Welcome to the first in a series of posts about showing data on big screens. If you’ve come here following my Tableau Conference 2018 presentation, I’ll be adding new content over the next few months. To keep up with updates, follow me on Twitter (@acotgreave) or subscribe to my BBOD newsletter for updates:
You know the feeling: you’re in the monthly meeting, the presenter puts a chart on a screen and says, “As you can see, x is causing y.” And yet, try as you might, you cannot see that x is causing y. It’s not that the chart doesn’t necessarily show it, it’s that it’s not been designed for a big screen.
Maybe it’s too complicated for the time it’s on screen. Or maybe the design is too small. Or the fonts are tiny.
Maybe the chart worked fine on the presenter’s laptop.
Whatever the reasons, the presenter is talking but their message is lost because their visuals don’t support the message.
This problem has been driving me crazy for the best part of 5 years. When I speak to people about it, I get the sense it’s so endemic, people don’t even think about it. They just zone out: they are so numb to the problem, they’ve stopped thinking about it.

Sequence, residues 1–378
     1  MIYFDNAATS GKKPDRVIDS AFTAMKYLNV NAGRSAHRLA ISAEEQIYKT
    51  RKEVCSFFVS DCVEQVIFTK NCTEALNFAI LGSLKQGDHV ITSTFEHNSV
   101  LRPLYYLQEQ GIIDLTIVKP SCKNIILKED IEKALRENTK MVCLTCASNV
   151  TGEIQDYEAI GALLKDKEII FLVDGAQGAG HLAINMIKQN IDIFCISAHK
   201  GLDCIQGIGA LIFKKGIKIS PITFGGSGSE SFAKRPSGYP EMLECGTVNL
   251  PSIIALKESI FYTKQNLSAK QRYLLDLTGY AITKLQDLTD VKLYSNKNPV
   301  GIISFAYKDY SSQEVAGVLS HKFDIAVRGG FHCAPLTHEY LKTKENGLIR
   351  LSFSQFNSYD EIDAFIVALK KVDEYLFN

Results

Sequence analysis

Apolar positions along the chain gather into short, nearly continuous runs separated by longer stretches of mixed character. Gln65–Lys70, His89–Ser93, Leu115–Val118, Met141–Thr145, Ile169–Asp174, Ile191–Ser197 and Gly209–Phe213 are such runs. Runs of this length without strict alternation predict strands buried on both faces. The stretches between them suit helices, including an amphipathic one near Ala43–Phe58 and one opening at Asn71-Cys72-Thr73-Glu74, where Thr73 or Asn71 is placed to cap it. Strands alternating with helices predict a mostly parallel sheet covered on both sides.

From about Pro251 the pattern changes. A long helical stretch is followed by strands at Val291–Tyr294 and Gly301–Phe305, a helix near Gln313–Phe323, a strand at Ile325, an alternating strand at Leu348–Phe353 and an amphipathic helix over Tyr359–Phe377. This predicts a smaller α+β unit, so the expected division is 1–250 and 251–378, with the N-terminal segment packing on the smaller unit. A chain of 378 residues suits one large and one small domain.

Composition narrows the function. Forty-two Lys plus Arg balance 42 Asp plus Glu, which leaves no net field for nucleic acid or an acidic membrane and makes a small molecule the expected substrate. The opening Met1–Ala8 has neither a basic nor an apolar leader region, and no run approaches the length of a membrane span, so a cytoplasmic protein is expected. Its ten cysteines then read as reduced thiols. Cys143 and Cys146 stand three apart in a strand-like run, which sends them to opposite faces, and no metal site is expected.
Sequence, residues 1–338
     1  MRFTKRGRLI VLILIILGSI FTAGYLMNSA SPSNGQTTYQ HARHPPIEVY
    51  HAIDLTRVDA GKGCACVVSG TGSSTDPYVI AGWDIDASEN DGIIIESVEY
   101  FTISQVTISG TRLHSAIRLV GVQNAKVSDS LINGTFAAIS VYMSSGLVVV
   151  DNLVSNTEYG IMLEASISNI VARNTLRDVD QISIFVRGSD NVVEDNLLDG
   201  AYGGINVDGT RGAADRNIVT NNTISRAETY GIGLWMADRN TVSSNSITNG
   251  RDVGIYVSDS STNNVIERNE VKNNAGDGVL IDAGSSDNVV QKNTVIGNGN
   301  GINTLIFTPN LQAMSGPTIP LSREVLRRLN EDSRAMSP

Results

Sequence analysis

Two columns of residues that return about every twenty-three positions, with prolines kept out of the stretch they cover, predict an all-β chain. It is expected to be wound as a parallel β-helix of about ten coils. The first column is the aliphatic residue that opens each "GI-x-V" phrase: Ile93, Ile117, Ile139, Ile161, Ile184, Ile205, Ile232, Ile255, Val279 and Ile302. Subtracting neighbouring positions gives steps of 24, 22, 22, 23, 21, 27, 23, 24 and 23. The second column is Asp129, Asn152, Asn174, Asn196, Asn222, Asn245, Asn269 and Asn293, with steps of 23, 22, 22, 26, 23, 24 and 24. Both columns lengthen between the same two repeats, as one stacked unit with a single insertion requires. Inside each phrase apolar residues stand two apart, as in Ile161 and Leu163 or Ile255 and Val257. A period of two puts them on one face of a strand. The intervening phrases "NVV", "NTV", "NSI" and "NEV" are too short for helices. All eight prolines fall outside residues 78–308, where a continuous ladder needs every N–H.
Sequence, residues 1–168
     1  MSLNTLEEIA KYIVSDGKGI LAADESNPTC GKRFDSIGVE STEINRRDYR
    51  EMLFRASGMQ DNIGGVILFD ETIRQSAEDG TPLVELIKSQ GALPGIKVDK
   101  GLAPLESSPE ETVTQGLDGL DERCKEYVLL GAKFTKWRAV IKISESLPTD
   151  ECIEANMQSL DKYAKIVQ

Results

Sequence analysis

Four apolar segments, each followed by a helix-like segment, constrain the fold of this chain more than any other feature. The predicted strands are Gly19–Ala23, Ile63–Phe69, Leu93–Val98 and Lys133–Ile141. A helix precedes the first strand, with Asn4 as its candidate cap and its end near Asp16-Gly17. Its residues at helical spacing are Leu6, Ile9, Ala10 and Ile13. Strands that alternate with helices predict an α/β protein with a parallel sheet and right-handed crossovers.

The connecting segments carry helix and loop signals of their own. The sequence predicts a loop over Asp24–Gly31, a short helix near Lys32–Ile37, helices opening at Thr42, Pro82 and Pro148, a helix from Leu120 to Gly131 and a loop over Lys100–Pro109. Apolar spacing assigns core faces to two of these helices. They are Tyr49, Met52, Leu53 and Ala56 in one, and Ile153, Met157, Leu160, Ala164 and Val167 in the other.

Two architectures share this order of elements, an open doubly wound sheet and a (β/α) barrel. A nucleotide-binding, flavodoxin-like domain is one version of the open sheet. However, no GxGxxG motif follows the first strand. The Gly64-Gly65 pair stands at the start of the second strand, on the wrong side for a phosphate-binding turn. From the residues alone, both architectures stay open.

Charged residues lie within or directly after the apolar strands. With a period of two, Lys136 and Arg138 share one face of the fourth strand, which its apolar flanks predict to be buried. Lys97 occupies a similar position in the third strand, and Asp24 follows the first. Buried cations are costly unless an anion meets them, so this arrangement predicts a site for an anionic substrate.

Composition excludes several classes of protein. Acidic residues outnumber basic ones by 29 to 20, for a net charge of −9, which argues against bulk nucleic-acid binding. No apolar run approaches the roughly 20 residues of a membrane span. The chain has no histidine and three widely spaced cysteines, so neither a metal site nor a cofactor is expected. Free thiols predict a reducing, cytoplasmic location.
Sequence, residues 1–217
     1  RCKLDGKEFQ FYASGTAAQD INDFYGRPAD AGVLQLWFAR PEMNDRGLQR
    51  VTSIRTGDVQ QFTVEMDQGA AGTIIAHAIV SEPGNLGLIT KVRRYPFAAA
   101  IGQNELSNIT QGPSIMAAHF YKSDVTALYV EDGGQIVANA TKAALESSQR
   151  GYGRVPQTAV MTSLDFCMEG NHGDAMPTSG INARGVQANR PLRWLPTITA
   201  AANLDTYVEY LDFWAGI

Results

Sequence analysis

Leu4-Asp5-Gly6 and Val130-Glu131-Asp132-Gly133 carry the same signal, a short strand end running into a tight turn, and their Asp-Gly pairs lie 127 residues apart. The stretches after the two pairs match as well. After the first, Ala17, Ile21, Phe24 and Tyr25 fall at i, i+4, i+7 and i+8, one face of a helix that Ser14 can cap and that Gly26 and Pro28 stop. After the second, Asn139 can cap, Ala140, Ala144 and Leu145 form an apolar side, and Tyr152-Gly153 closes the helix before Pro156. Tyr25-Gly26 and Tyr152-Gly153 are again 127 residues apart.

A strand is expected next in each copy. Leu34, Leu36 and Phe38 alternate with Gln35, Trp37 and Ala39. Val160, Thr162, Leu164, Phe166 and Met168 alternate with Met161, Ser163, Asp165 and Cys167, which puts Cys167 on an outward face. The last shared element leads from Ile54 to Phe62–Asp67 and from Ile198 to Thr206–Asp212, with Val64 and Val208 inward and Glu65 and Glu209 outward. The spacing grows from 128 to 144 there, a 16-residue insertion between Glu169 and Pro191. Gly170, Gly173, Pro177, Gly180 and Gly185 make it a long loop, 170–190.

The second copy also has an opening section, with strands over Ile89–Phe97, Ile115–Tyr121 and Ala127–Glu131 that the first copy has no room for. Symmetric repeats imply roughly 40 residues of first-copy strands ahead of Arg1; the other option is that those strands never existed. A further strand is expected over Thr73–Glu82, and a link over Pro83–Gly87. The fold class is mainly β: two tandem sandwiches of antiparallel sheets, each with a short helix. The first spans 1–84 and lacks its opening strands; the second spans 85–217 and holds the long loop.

The good news, I’ve also seen lots of people do it right. Their presentations contain slides that punch home a message. Or, if they’re showing a dashboard, they take the time to explain it. At every step of the way, the slides support the presenter, and the presenter takes the audience along a clear data-driven journey.
In this series, I’m going to look at the following (they will be hyperlinked as the posts get published):
- Some examples of masterful data presentation
- Types of data we put on big screens
- How to show dashboards on big screens
- How to point (!)
- Choosing the right level of detail for your slides
- Case Studies: chart makeovers
- What’s the minimum you can do if you are short of time
A bunch of people helped in the creation of this talk. First of all, the opening sketch of my TC presentation was inspired by Cole Nussbaumer, who wrote the excellent Storytelling with Data. Also, a bunch of people responded to my tweet asking for ideas.
Also, lots of people responded to the following tweet. I’d like to thank all those who did: your ideas made it into the presentation and into this series.
What are the biggest data presentations crimes you’ve seen? What are the best methods.